‘An organization’s ability to learn, and translate that learning into action rapidly, is the ultimate competitive advantage.’

– Jack Welch1

If you’ve not seen the cartoon South Park, please bear with me. In one of my favourite episodes from 1998, the town of South Park is being inundated by a big name coffee chain and the boys, Kyle, Stan, Cartman and Kenny, go on a quest to stop it from putting the local mom and pop coffee shop out of business.2 In the process, they uncover a secret operation being run by gnomes who sneak into children’s bedrooms at night and steal their underpants. Yes, gnomes and underpants. If you’ve not seen South Park, it’s that kind of humour.

The boys eventually apprehend one of the gnomes and demand that he show them how business works, so that they can stop the big name coffee shop. They follow the gnome to the underground gnome headquarters where all the underpants are being collected. The boys press the gnome to explain the operation to them.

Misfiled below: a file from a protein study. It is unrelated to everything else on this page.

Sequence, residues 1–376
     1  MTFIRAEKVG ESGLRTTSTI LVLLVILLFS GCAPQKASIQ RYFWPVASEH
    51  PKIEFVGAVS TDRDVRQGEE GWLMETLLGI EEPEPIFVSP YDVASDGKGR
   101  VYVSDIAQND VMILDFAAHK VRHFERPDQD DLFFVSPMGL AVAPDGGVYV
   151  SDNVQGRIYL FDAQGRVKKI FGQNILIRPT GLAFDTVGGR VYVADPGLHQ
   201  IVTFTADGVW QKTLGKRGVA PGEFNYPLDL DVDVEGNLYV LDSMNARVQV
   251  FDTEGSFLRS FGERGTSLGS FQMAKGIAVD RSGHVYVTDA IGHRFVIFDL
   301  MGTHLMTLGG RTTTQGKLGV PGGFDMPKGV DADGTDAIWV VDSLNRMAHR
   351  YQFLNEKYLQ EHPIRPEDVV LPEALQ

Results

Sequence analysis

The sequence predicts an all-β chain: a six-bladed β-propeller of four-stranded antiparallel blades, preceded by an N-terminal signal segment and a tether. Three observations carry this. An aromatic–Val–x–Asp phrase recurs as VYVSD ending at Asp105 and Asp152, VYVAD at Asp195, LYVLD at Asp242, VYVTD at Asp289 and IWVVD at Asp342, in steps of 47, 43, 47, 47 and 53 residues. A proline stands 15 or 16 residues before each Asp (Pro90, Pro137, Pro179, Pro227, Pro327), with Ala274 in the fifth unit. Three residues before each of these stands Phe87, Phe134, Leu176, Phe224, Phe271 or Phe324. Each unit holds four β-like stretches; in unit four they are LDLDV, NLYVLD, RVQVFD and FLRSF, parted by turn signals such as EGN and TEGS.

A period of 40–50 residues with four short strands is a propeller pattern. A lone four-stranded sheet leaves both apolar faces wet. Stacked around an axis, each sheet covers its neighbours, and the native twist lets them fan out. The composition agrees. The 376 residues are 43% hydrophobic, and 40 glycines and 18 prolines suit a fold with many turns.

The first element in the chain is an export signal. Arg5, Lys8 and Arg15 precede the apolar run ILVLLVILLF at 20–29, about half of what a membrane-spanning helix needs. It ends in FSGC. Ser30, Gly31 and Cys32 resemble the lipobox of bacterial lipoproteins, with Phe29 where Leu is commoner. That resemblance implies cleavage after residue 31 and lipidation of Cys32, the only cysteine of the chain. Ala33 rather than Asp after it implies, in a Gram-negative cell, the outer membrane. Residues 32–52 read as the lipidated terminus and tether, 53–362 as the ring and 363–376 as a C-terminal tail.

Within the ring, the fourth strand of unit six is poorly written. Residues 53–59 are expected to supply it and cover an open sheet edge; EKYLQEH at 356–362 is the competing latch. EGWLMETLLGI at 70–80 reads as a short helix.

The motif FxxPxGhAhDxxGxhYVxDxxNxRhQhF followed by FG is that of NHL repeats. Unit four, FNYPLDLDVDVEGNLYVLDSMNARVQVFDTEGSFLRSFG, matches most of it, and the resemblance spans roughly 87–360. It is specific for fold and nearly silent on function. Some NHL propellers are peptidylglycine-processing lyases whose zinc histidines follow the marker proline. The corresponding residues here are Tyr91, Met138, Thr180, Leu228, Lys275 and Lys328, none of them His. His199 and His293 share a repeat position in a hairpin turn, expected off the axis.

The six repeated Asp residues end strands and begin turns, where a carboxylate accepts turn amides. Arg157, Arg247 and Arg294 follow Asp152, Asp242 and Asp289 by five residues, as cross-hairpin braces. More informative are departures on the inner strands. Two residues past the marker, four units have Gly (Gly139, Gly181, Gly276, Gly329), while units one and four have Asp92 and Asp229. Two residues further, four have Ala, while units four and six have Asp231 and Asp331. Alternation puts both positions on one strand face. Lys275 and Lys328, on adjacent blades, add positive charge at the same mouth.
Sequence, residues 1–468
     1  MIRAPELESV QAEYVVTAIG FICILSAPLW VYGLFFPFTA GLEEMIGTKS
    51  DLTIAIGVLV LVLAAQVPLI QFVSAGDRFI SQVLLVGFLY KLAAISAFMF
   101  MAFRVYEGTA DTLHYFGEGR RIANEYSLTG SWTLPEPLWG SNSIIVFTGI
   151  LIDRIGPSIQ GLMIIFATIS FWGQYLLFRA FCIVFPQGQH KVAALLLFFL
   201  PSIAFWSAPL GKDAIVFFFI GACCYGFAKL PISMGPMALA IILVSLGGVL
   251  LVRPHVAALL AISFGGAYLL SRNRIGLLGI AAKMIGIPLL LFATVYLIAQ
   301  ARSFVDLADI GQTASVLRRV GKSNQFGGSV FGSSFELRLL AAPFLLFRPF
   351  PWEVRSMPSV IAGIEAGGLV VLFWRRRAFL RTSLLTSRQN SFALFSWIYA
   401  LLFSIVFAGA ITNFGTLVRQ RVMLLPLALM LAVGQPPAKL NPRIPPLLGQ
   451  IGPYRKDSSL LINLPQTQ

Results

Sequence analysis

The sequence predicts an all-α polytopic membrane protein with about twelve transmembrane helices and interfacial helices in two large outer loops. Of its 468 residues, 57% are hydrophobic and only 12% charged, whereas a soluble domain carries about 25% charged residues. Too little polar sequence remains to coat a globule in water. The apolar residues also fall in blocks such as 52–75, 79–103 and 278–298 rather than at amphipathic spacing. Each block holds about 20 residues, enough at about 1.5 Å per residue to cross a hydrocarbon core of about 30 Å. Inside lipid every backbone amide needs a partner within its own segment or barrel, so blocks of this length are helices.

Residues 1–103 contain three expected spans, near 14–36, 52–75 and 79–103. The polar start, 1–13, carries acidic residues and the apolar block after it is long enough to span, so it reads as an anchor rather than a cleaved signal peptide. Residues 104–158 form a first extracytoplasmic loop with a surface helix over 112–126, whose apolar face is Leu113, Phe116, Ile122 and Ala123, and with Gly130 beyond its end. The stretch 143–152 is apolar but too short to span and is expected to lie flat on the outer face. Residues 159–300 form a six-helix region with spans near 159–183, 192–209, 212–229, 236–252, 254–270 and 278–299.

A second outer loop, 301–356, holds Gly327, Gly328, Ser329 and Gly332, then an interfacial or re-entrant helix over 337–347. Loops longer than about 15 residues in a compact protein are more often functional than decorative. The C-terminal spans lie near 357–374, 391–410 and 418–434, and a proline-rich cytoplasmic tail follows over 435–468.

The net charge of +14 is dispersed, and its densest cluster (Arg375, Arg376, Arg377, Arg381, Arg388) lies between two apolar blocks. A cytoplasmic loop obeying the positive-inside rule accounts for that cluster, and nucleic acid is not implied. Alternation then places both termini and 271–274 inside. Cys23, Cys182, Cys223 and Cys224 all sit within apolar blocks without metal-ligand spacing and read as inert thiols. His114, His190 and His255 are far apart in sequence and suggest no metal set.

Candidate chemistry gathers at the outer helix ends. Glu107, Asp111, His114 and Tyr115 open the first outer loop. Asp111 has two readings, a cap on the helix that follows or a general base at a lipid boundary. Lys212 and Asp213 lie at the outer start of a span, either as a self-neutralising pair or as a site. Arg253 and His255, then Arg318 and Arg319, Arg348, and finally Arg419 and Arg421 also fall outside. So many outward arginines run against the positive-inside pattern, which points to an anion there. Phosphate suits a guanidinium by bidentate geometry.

The gnome pulls down a big chart and explains:

1: Collect underpants.

2: ?

3. Profit.

The boys are left more confused than when they began.

What makes it so funny (and sad) for me is how true this chart is for so many start-up businesses. Of course, those running the start-ups can talk their way around phase 2. It gets dressed up, glossed over and buried in the hype of phases 1 and 3. But the question mark is still there.

The Underpants Problem is also the most common social ...

Get Mastering Story, Community and Influence: How to Use Social Media to Become a Socialeader now with the O’Reilly learning platform.

O’Reilly members experience live online training, plus books, videos, and digital content from nearly 200 publishers.